Covid cases swell to record 7,000
The country notched its highest single-day increase in coronavirus disease 2019 (Covid-19) cases Friday, with 7,103 new infections recorded.
The figure eclipsed the 6,958 cases tallied on Aug. 10, 2020, according to the Department of Health (DoH).
The new cases pushed the total number of cases to 648,066. The 73,264 active cases were also the highest since August.
Total recoveries were at 561,902, and the death toll was at 12,900.
Alarmed by the surge, the World Health Organization (WHO) urged the government to ramp up efforts to prevent hospital occupancy rates from exceeding capacity.
WHO Philippines Country Representative Dr. Rabindra Abeyasinghe recommended implementing more stringent localized lockdowns, limiting attendance at public gatherings as well as in restaurants, and urging local government units to discourage residents from intermingling.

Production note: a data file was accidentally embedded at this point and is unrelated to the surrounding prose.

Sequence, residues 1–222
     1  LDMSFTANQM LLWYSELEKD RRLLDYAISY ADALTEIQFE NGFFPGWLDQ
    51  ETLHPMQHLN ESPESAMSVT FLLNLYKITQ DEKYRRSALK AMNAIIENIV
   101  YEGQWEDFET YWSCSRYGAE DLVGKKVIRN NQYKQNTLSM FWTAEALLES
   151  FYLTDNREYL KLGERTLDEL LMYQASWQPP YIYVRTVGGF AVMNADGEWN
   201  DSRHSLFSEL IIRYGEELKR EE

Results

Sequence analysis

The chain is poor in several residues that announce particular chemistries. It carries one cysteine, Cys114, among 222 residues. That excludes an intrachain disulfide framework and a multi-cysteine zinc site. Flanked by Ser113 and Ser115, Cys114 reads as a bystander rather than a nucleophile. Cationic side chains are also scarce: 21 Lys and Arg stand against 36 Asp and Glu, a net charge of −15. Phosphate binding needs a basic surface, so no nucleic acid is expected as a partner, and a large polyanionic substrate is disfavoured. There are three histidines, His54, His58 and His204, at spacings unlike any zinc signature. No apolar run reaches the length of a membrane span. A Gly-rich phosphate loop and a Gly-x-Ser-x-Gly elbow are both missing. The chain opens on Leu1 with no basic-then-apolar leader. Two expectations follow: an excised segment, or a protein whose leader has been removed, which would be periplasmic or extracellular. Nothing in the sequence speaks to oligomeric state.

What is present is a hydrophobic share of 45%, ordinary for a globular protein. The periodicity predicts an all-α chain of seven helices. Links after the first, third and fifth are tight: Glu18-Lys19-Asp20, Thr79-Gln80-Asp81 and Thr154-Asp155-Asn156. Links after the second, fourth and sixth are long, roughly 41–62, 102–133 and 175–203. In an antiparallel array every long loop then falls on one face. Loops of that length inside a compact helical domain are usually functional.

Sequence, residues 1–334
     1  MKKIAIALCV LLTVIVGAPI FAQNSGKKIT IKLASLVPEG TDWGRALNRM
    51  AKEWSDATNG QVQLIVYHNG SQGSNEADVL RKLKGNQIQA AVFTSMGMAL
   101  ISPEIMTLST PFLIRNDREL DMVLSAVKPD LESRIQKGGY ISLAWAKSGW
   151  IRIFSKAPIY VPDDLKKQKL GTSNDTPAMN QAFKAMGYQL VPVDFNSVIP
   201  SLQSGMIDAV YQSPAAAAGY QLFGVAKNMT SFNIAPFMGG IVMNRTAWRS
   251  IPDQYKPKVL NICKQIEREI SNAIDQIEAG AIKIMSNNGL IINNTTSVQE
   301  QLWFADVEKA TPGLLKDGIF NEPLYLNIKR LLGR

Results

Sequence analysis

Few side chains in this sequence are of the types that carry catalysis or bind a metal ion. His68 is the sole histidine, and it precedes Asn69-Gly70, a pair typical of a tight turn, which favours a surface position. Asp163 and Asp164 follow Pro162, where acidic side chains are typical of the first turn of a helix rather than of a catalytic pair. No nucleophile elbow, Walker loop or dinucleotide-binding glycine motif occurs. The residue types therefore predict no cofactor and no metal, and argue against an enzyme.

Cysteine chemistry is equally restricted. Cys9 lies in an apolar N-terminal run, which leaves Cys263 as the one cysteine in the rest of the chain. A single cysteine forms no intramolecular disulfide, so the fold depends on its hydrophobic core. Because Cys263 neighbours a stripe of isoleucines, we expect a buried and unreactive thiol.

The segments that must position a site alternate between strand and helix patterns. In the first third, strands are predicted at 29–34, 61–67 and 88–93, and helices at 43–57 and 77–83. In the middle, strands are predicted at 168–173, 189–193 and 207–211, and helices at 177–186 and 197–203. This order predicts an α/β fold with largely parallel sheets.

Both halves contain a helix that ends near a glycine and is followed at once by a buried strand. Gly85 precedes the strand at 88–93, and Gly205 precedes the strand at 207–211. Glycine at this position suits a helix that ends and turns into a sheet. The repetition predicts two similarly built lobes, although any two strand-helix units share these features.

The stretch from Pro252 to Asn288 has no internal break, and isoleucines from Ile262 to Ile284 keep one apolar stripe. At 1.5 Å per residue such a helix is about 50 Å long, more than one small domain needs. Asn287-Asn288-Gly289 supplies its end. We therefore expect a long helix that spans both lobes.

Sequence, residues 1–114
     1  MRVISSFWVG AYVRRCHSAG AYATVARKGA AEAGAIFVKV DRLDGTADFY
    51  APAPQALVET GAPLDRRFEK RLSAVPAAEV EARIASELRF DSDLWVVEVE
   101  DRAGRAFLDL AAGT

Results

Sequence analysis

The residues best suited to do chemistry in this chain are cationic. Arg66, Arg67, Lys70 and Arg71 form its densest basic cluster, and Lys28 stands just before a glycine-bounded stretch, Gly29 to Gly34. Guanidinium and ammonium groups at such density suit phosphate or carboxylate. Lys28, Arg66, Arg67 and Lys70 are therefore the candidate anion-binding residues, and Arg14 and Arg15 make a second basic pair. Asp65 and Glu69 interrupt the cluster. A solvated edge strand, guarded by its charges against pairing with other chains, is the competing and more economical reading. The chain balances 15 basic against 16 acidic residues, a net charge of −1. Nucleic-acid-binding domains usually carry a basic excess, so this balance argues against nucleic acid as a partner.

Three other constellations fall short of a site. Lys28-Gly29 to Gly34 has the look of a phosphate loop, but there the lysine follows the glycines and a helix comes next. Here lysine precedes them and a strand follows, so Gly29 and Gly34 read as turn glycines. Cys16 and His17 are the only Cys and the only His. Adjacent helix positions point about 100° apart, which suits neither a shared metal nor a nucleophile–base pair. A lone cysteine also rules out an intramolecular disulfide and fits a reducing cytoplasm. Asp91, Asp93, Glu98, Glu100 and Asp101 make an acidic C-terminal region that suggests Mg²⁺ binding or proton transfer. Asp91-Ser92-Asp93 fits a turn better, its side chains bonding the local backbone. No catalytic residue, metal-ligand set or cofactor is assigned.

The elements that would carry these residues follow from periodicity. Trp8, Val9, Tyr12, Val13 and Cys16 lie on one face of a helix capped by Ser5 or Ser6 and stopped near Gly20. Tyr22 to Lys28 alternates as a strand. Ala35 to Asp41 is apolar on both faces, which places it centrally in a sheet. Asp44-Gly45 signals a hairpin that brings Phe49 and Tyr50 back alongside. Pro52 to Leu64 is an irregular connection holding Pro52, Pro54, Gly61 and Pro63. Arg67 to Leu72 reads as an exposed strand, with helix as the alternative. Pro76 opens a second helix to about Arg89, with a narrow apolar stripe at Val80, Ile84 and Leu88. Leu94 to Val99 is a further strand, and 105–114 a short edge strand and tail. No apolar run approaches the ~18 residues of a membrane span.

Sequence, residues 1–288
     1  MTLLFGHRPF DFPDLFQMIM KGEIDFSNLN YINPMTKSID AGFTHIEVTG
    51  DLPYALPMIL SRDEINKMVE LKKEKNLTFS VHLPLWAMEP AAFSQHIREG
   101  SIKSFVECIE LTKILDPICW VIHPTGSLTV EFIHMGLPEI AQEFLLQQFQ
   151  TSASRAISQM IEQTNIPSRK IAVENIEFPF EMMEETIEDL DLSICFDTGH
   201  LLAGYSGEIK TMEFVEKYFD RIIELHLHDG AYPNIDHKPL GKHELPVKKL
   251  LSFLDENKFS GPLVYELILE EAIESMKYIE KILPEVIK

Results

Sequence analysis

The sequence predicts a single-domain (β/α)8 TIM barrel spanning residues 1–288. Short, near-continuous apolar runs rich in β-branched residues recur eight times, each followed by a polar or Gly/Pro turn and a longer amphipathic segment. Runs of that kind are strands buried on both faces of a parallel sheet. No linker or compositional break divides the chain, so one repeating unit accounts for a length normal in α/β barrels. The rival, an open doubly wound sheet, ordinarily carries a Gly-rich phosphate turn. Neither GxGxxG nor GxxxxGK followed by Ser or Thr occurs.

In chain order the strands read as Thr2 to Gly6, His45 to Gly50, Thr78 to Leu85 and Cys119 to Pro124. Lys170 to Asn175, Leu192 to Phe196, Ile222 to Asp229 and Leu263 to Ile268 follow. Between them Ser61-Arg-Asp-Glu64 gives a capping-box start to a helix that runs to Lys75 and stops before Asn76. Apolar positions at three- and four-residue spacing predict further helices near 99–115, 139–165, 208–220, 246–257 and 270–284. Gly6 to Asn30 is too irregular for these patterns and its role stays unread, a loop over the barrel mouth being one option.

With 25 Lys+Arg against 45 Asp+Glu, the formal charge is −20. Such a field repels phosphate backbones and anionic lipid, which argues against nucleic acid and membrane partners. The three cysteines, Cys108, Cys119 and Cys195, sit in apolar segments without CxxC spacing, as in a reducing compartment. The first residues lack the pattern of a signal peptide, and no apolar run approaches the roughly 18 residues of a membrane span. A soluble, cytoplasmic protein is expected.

“We need to do everything possible to ensure that the occupancy rates do not exceed those critical levels and the health care workers are not exhausted and the load will become too difficult for them to manage,” Abeyasinghe told a briefing on Friday.
He noted that aside from the emergence of new Covid-19 variants in the country, the uptick might be caused by the people getting lax in observing minimum health standards, their confidence boosted by the arrival of vaccines.
“The optimism that the vaccines brought have resulted in a decreased compliance in the public health measures…. We seemed to have relaxed a little bit, and that relaxation appears to have driven and created room for increased transmission,” Abeyasinghe said.
Returning overseas Filipino workers (OFWs) are also a factor, he said.
Abeyasinghe said it was still unclear if the newly discovered P.3 variant was responsible for the increased transmission or increased severity of disease.
Abeyasinghe said the 900,000 additional doses of AstraZeneca vaccines under the Covax Facility were tentatively scheduled to arrive next week.
On Friday, Octa Research urged the government to enforce either a “hard” general community quarantine (GCQ) or a “soft” modified community quarantine (MECQ) to contain the new Covid-19 surge.